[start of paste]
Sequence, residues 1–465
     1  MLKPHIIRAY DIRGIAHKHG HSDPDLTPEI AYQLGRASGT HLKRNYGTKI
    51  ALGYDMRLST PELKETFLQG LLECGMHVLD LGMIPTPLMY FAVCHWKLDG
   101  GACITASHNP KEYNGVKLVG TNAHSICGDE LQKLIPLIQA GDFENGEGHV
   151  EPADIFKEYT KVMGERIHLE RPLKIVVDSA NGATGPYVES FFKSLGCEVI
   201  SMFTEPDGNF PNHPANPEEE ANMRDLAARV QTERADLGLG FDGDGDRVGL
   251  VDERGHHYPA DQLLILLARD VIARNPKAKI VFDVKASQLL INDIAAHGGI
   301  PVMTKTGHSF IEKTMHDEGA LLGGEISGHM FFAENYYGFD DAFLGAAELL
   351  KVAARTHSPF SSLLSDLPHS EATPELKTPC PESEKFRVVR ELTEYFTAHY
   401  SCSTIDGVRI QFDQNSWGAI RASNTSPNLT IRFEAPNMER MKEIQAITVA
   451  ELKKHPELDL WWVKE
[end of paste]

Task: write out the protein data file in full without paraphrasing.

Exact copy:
Sequence, residues 1–465
     1  MLKPHIIRAY DIRGIAHKHG HSDPDLTPEI AYQLGRASGT HLKRNYGTKI
    51  ALGYDMRLST PELKETFLQG LLECGMHVLD LGMIPTPLMY FAVCHWKLDG
   101  GACITASHNP KEYNGVKLVG TNAHSICGDE LQKLIPLIQA GDFENGEGHV
   151  EPADIFKEYT KVMGERIHLE RPLKIVVDSA NGATGPYVES FFKSLGCEVI
   201  SMFTEPDGNF PNHPANPEEE ANMRDLAARV QTERADLGLG FDGDGDRVGL
   251  VDERGHHYPA DQLLILLARD VIARNPKAKI VFDVKASQLL INDIAAHGGI
   301  PVMTKTGHSF IEKTMHDEGA LLGGEISGHM FFAENYYGFD DAFLGAAELL
   351  KVAARTHSPF SSLLSDLPHS EATPELKTPC PESEKFRVVR ELTEYFTAHY
   401  SCSTIDGVRI QFDQNSWGAI RASNTSPNLT IRFEAPNMER MKEIQAITVA
   451  ELKKHPELDL WWVKE